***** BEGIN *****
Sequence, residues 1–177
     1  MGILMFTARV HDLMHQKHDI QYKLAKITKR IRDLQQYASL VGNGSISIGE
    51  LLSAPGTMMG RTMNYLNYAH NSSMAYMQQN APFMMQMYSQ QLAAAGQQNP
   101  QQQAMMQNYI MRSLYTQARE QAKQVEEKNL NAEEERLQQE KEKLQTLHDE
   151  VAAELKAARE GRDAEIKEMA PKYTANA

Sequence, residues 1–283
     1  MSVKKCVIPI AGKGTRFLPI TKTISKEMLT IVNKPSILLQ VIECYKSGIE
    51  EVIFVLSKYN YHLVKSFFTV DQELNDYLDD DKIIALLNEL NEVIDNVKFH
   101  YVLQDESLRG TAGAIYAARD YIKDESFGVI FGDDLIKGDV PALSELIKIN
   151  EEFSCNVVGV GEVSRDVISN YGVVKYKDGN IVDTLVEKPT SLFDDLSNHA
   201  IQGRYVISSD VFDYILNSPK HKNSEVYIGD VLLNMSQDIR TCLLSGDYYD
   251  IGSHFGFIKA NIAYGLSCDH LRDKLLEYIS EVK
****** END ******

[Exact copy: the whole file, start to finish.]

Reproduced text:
Sequence, residues 1–177
     1  MGILMFTARV HDLMHQKHDI QYKLAKITKR IRDLQQYASL VGNGSISIGE
    51  LLSAPGTMMG RTMNYLNYAH NSSMAYMQQN APFMMQMYSQ QLAAAGQQNP
   101  QQQAMMQNYI MRSLYTQARE QAKQVEEKNL NAEEERLQQE KEKLQTLHDE
   151  VAAELKAARE GRDAEIKEMA PKYTANA

Sequence, residues 1–283
     1  MSVKKCVIPI AGKGTRFLPI TKTISKEMLT IVNKPSILLQ VIECYKSGIE
    51  EVIFVLSKYN YHLVKSFFTV DQELNDYLDD DKIIALLNEL NEVIDNVKFH
   101  YVLQDESLRG TAGAIYAARD YIKDESFGVI FGDDLIKGDV PALSELIKIN
   151  EEFSCNVVGV GEVSRDVISN YGVVKYKDGN IVDTLVEKPT SLFDDLSNHA
   201  IQGRYVISSD VFDYILNSPK HKNSEVYIGD VLLNMSQDIR TCLLSGDYYD
   251  IGSHFGFIKA NIAYGLSCDH LRDKLLEYIS EVK